Philip Ball gets to grips with a revolutionary history of the scientific revolution.
The Invention of Science: A New History of the Scientific Revolution
By David Wootton
David Wootton's The Invention of Science will cause arguments, and is all the better for it. The idea of a 'scientific revolution' — the supposed birth of modern science, beginning around the start of the seventeenth century and emerging from the work of Galileo Galilei, Johannes Kepler, Isaac Newton, Robert Boyle and their contemporaries — has been rejected by many historians of science. But Wootton argues that the period marked a true turning point, in which the whole process of doing science was transformed into a social enterprise with established norms and procedures.
Nay-sayers deny that any 'essence' of modern science crystallized in this period. As science historian Steven Shapin wrote at the beginning of his 1996 The Scientific Revolution (University of Chicago Press), “There was no such thing” as this revolution. But Wootton uses the term unapologetically, and assesses the contributions of the luminaries of the period from a stance that he admits is Whiggish — essentially, judging their ideas in the light of present understanding.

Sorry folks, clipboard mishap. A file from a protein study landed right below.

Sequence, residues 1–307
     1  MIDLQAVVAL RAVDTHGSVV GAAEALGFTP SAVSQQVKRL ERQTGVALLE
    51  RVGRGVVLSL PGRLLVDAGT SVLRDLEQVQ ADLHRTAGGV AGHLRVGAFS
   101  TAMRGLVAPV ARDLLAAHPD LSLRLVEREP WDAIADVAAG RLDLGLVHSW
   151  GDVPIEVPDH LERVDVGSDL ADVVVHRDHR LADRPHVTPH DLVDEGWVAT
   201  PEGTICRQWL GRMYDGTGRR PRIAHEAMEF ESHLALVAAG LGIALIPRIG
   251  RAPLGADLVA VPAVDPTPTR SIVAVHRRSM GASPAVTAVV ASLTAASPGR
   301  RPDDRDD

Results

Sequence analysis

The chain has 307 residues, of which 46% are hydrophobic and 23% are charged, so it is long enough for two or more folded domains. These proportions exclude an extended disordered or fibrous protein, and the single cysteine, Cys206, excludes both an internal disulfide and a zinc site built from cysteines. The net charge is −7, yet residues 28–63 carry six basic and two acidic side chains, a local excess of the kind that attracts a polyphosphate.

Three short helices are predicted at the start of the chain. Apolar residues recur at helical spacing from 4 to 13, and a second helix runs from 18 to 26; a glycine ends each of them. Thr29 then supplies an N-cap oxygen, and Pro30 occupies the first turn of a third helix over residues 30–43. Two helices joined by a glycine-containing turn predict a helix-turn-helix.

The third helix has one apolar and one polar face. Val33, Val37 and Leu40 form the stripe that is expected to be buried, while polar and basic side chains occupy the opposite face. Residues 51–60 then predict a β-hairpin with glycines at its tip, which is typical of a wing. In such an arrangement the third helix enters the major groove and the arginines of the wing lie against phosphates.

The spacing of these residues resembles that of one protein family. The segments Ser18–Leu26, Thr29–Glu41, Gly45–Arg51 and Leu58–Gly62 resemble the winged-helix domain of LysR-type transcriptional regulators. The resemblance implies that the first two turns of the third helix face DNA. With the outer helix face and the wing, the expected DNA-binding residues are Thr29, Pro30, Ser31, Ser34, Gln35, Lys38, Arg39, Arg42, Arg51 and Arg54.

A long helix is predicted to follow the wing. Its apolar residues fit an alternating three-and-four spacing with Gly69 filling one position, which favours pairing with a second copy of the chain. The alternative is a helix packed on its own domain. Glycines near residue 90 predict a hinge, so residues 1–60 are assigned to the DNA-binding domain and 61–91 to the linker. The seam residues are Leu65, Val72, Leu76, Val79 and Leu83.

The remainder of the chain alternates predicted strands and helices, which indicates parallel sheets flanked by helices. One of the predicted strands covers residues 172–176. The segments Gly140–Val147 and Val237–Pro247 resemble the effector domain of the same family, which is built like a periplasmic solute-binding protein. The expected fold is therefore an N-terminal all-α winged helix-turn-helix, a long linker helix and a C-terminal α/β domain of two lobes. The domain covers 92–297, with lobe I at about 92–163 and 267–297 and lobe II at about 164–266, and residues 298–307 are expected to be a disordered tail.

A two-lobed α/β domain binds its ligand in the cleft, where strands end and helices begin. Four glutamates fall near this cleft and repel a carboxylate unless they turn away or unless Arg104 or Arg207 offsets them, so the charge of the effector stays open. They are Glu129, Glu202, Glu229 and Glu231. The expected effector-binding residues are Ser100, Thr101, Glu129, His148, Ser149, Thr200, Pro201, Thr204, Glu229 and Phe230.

All too often, such a “presentist” view is taken to extremes by scientists writing history, either because they don't know any better or because, like physicist Steven Weinberg in To Explain the World (Allen Lane, 2015), they believe that the history of science belongs to its practitioners (see R. P. Crease Nature 518, 300; 2015). This manifests as a tendency to dish out medals for getting things 'right' — leading Weinberg to dismiss Plato as silly, philosopher Francis Bacon as irrelevant and Galileo's errors as the result of off-days. In this view, pursuits such as alchemy and astrology were useless mumbo jumbo, and Newton and Boyle let the side down by practising them. Finding out about nature was just a matter of doing the right experiments and interpreting them with the proper scientific method.
Wootton's book is very different, however. It is perceptive, thought-provoking, deeply erudite and beautifully written. Wootton argues that the scientific revolution took place between 1572 and 1704, and contends that it led to genuine intellectual progress and to a new, more effective way of understanding the world. Does he make a persuasive case? I'll come back to that.